2channel, with its massive size and anonymous posting, is abundant with slander, hate speech[28] and defamation against public figures, institutions, minorities, and specific ethnic groups.[29][30] Though the site has a rule to delete illegal postings defined under Japanese law, the scale and anonymous nature of the site makes a prompt response difficult. On occasion, 2channel has been accused of being reluctant to remove defamatory postings.[31] The discussion boards are also often used to coordinate real-life demonstrations; as an example, 2channel users organised an August 2011 rally against Fuji Television, under the concern that the channel was broadcasting too many Korean television shows.[32]

2ch phenomena[edit]

Densha Otoko[edit]

Main article: Densha Otoko

Densha Otoko, "Train Man", is a Japanese movie, television series, manga, novel, and other media, all based on the purportedly true story of a 23-year-old man who intervened when a drunk man started to harass several women on a train. The man ultimately begins dating one of the women. The event and the man's subsequent dates with the woman were chronicled on 2channel.

See also[edit]

Notes and references[edit]

  1. ^ a b "Meet Hiroyuki Nishimura, the Bad Boy of the Japanese Internet". Wired. 19 May 2008. Archived from the original on 27 May 2008. Retrieved 6 June 2008. 
  2. ^ "2ch.net Site Info". Alexa Internet. Retrieved 2015-08-22. 
  3. ^ a b c Katayama, Lisa (19 April 2007). "2-Channel Gives Japan's Famously Quiet People a Mighty Voice". Wired (magazine). Retrieved 29 November 2010. This single site has more influence on Japanese popular opinion than the prime minister, the emperor and the traditional media combined. On one level, it serves as a fun, informative place for people to read product reviews, download software and compare everything from the size of their poop to quiz show answers. But conversations hosted here have also influenced stock prices, rallied support for philanthropic causes, organized massive synchronized dance routines, prevented terrorism and driven people to their deathbeds. 
  4. ^ Statistics for the current day, split out by channel, are at stats.2ch.net
  5. ^ Onishi, Norimitsu (9 May 2004). "Japanese Find a Forum to Vent Most-Secret Feelings, NYTimes.com, May 9, 2004". The New York Times. Retrieved 29 March 2012. 
  6. ^ "Taro Aso said he occasionally posts on 2channel". MSNSankei (in Japanese). 6 October 2007. 
  7. ^ 冨岡晶 (2 January 2009). "2ちゃんねる、海外企業に譲渡 ― 西村博之氏からPACKET MONSTER INC.へ譲渡完了" (in Japanese). RBB TODAY. Retrieved 2 January 2009. 
  8. ^ 立川優 (2 January 2009). "2ちゃんねる、"言論の自由なき日本"を見捨てた?" (in Japanese). MSN 産経ニュース. Archived from the original on 21 January 2009. Retrieved 10 January 2009. 
  9. ^ Alex Martin. "2channel founder ponders next step after forum's sale". The Japan Times.  "Speculation abounds, however, that the move may be a legal trick to deflect further lawsuits filed against Nishimura for the site's frequently libelous content."
  10. ^ Sakamoto, Rumi. "'Koreans, Go Home!' Internet Nationalism in Contemporary Japan as a Digitally Mediated Subculture". The Asia-Pacific Journal. Retrieved 15 May 2014. 
  11. ^ In that age, NHK Tokyo used channel 1 as general-purpose channel and channel 3 as educational channel thus channel 2 was unused to avoid adjacent channel interference; on the other hand, NHK Osaka used channels 2 (genaral-purpose) and 12 (educational) thus channel 1 was unused in the same manner; therefore, these consoles were designed to allow users to choose either ch. 1 or 2 depending on the region they were used.
  12. ^ Matsutani, Minoru, "2channel's success rests on anonymity", Japan Times, 6 April 2010, p. 3.
  13. ^ Stryker, Cole (2011). Epic Win for Anonymous: How 4chan's Army Conquered the Web. New York: The Overlook Press. pp. 133–134. ISBN 9781590207383. 2channel was based on a previous text board called Ayashii World, the first big anonymous text board in Japan... Ayashii World, like many anonymous chan boards, experienced so much downtime that its owner began to receive death threats, prompting him to shut down the board in 1998.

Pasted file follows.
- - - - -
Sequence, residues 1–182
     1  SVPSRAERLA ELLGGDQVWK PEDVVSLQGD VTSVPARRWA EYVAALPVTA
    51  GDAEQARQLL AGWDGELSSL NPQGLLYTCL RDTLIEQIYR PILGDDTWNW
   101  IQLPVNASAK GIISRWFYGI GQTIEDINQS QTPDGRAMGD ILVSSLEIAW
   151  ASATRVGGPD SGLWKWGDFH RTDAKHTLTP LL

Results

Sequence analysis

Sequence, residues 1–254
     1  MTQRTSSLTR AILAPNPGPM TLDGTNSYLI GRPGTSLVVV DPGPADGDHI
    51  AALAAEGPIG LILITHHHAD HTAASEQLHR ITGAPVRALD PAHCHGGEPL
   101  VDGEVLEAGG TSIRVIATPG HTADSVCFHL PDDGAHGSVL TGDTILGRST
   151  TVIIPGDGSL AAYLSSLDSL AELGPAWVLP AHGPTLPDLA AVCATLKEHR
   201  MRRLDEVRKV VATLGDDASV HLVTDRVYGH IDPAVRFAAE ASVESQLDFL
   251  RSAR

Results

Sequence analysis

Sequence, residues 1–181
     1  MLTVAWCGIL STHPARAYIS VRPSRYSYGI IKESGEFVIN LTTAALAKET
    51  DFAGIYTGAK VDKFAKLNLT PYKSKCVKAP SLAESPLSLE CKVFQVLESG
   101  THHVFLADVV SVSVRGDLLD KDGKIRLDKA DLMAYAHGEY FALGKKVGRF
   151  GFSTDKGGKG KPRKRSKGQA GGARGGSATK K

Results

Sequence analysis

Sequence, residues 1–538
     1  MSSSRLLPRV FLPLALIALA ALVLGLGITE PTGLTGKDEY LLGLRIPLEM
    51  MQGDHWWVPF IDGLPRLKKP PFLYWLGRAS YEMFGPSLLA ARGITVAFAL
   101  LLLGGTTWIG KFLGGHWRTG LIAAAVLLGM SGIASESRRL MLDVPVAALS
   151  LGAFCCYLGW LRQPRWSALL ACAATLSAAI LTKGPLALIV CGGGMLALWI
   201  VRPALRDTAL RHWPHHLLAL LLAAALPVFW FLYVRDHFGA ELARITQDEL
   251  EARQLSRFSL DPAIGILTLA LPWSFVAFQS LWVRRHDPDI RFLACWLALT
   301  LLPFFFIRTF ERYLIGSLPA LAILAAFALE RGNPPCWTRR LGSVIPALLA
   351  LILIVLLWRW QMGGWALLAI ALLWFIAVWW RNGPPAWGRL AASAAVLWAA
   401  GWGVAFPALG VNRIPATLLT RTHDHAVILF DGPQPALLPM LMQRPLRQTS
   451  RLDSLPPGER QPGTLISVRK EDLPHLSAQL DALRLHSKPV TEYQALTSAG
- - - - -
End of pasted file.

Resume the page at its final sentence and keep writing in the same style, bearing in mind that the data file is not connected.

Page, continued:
14. ^ "警察庁長官:悪質管理者「検挙も」…掲示板の違法情報放置". Mainichi Shimbun (in Japanese). December 27, 2012. Archived from the original on January 1, 2013. 
  15. ^ "申告漏れ:2ちゃんねる元管理人が1億円 広告収入の一部、譲渡後も関与裏付け". Mainichi Shimbun (in Japanese). August 24, 2013. Archived from the original on September 18, 2013. 
  16. ^ "Accidental leak IDs over 30,000 'anonymous' 2channel users". The Japan Times. September 17, 2013. 
  17. ^ "作家は暴言謝罪、不倫もバレる? 2ちゃん情報流出騒動" (in Japanese). Asahi Shimbun. September 20, 2013. 
  18. ^ "<個人情報流出余波>書き込みバレて"公開処刑"". Tokyo Sports (in Japanese). August 29, 2013. 
  19. ^ "「2ちゃんねる」個人情報漏えい事件、AKB関係者のアカウント流出で大騒動に!?". Livedoor (in Japanese). August 27, 2013. 
  20. ^ "Who holds the deeds to gossip bulletin board 2channel?". The Japan Times. March 20, 2014. 
  21. ^ Jim Watkins (February 19, 2014). "Let's talk with Jim-san. Part21". Anago.2ch.net. The previous management was not able to generate enough income to pay the bills for the expenses of running 2ch. Previously I allowed some autonomy to them. During that time my name has been slandered. The ability for 2ch to generate enough income to stay open was damaged. I hope that with proper management that 2ch can recover. 
  22. ^ "現2chは「違法な乗っ取り」状態──ひろゆき氏?が新サイト「2ch.sc」開設を予告". ITmedia ニュース (in Japanese). April 1, 2014. 
  23. ^ Nishimura, Hiroyuki (22 September 2015). "ANSWERS THREAD - Q&A Session with Hiroyuki Nishimura". 4chan (archived by desustorage.org). Retrieved 18 October 2015. 
  24. ^ 2ちゃんねる掲示板リスト (List of Boards in 2ch); the number includes X-rated Pink Channel boards (with its own domain name 'BBSPINK.COM'), boards derived from former Town BBS (later the official members of 2CH.NET), and English boards called Embassies.
  25. ^ The number can be retrieved at http://server name/board name/SETTING.TXT.
  26. ^ "18 HOUR Visit to my site?". Reuters. 4 April 2005. Archived from the original on 15 July 2007. Retrieved 13 July 2007. 
  27. ^ n:Japanese court plans to seize control of 2channel
  28. ^ Onishi, Norimitsu (9 May 2004). "Japanese Find a Forum to Vent Most-Secret Feelings (Page 2 of 2)". The New York Times. But Channel 2 is also a window into Japan's ugly side. Many of the contents tend to be nationalistic and xenophobic, especially toward Koreans. When Sony and Samsung recently announced a joint project, users attacked Sony for cooperating with the South Korean company. "Die, Sony!" read several comments. "Die, Koreans!" Many wrote that they hated Koreans, using a derogatory term to describe them. 
  29. ^ Jillian York, USA (22 December 2009). "Japan: Flaming and the secrets we hide, 2007". Globalvoices.org. Retrieved 29 March 2012. 
  30. ^ Mclelland, Mark (December 2008). "'Race' on the Japanese internet: discussing Korea and Koreans on '2-channeru'". New Media and Society. 10 (6): 811–829. doi:10.1177/1461444808096246. 
  31. ^ [1] a case made by Debito Arudou
  32. ^ "Japan's right-wing groups hold rallies vs. Korean pop culture". The Dong-a Ilbo. 9 August 2011. Retrieved 11 August 2011. 

External links[edit]

  • 2ch.net – The 2ch site (Japanese)